Speaks in Movie Lines
When film distributor A24 puts a horror movie on their hype train, we nerdy movie buffs go headlong into it, while the traditional horror movie fans turn out on opening weekend and start in on their “What was THAT?”
Or maybe they’re just the ones who believe quotes like “it’s this generation’s ‘Exorcist’” or “this film will be talked about for decades”?
Either way, expectations have been high for this one going all the way back to Sundance in January.
I tried to go into “Hereditary” knowing as little as possible. I had to literally fight myself off of most reviews. I went in hyped. I’m into the critically-acclaimed and always have been.
When I left, I wish I hadn’t even watched a trailer. Way too much in the trailer. Alas, A24’s marketing style made them virtually unavoidable.
But it’s a really scary scary movie, an even better bleak family drama, gut-wrenchingly, horrifyingly so, and it achieves this, above all, with not only shocking visuals but sound.
Consider a moment late in the film where the Graham family’s teenaged pothead son Peter, played by Alex Wolff, is way down the tragic pit of doom into which writer/director Ari Aster’s film has thrown him.
He awakens from a hellish nightmare alone. He goes to investigate a noise in the dark. We await a jump scare. It comes, not with a usual musical cue but with a terrifying visual we aren’t sure we even just saw. Like, wait…what WAS that?
But the real fear isn’t in that visual either. It’s not even in the classic Hitchcockian anticipation of it.
It is this sound of whispering, a humming of some kind so faint I literally whispered to my sister, “What WAS that?”, taking my eyes off the screen to discern whether this was some other patron talking to a friend or some horror emanating from the speakers surrounding the auditorium.
When I finally landed on the latter, I knew I was watching a special film.
Toni Collette stars as Annie Graham, a woman who has known some tragedy in her life, has some demons. We first see her speaking at her mother’s funeral service, awkwardly acknowledging a number of mourners she’s never seen before.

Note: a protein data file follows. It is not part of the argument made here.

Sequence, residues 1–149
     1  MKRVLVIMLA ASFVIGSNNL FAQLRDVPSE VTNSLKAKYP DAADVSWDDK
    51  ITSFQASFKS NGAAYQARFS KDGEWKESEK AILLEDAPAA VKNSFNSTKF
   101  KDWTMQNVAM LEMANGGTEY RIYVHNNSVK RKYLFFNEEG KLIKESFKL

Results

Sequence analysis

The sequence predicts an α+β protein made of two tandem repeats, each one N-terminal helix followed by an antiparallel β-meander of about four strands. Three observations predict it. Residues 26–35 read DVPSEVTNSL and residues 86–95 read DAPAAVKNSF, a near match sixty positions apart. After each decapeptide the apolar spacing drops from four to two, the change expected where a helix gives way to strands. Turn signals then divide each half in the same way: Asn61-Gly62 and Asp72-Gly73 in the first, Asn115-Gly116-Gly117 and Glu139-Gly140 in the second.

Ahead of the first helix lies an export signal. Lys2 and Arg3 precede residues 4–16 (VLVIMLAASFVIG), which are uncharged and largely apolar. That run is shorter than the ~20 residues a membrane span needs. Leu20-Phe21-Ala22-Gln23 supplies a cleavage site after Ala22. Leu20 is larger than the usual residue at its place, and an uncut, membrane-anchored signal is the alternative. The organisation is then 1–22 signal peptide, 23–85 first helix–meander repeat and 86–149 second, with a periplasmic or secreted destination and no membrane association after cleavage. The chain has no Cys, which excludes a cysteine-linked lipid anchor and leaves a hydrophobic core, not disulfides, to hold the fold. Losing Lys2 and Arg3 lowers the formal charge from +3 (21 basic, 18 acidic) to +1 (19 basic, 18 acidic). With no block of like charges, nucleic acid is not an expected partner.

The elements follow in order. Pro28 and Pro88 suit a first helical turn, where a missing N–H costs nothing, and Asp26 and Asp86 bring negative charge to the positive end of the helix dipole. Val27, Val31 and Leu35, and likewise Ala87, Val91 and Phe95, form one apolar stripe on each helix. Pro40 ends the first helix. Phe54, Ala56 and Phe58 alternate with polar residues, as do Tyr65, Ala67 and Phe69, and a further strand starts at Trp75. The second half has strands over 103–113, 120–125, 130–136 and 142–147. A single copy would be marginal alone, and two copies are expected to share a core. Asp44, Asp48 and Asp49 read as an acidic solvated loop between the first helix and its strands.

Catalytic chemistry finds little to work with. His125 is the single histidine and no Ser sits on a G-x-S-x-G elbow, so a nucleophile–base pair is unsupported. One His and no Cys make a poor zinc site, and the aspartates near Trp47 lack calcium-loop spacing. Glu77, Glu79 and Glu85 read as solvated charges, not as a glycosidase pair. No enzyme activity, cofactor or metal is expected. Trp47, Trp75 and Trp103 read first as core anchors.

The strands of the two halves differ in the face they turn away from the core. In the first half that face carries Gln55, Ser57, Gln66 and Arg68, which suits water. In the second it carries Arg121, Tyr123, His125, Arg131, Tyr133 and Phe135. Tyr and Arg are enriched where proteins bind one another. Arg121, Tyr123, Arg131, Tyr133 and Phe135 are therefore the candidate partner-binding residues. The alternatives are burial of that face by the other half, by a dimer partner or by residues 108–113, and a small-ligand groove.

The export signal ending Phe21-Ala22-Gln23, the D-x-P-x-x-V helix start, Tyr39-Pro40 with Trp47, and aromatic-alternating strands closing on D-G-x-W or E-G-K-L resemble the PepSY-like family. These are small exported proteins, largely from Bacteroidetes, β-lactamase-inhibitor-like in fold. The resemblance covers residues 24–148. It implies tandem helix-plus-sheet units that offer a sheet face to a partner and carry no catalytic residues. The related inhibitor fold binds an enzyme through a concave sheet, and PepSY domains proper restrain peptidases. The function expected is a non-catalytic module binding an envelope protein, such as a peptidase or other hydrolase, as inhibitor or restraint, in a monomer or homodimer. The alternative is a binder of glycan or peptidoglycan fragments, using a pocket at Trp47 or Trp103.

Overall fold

Her mother was indeed a mystery, strange it seems, guarded, manipulative. She passed in home hospice care under Annie’s roof.
After the funeral, Annie tells her husband, Steve (Gabriel Byrne), that she feels like she should be crying or something. Sometimes the loss of a family member is like that.
Her 13-year-old daughter Charlie (Milly Shapiro) is an odd kid. Shapiro herself is an actress born to be a kid in a horror movie. She has the sort of facial features (amped up with makeup here) that induce the sort of curiosity a film like this demands.
Charlie loved her late grandmother. We learn they shared some special bond.
Charlie makes miniature human-like figures out of found objects, including the head of a dead bird. She does this little tongue-click sound that resurfaces at random.
Tragedy befalls the Graham family again, an “unspeakable” one...as so many other reviewers have called it. Annie’s mind begins to unravel along with each member of the family.
Nightmares, both waking and sleeping. Fights full of bottled guilt. Her work, making detailed miniature models mainly of her own life, is going down the drain. She is late on her submission to the art gallery.
She looks to group therapy and finds a support there in Joan (Ann Dowd).
But the demons haunting the Grahams are mostly within, inherited, and we are left with the downward spiral of a family. Mix in the late mother’s involvement with the occult, and horror ensues.
Director Ari Aster seems mostly interested in exploring how we deal with our pasts in the wake of tragedy, gazing within ourselves. He find horror early on in genuine human thoughts, and how we often do not dare communicate how we really feel to those we should love the most.
There is a dinner table argument and a later scene where Annie checks on her sleeping son that reach levels of domestic pain I’ve never seen in a movie. Do we cry?
Or do we recoil? Credit to Collette for her work in this film. She is worthy of awards for these two scenes alone.
Aster does begin to answer questions from the first couple acts in the end, and he does it in shocking ways. But, above all, he clearly understands that what the mind’s eye sees under a shroud of dread and memory is more terrifying than some tangible monster hiding behind the door.
As viewers, when we are finally shown the light so to speak, we’re never really sure if what we just saw was actually there or not. That is scary in and of itself. That is an achievement.
Like most horror movies, “Hereditary” ends with a shocker that leaves us as viewers also questioning what we saw before, and, if it works for you as it did for me, you’ll likely immediately want to see it again...until a couple days later when you’re sitting in a dark room at night and can’t shake what you saw in the last 15 minutes of this film and you start to doubt if you can handle it again.
The horror Aster pulls off for the first 100 minutes of the film are a series of gut punches sure to affect any member of any family. The horror he pulls off at the end will likely never leave my brain. I know it was sound. I know it was image.
But what was that?
•••• out of •••••
See it on the big screen at most area theaters. Don’t bring the little ones. This movie earns it’s R-rating.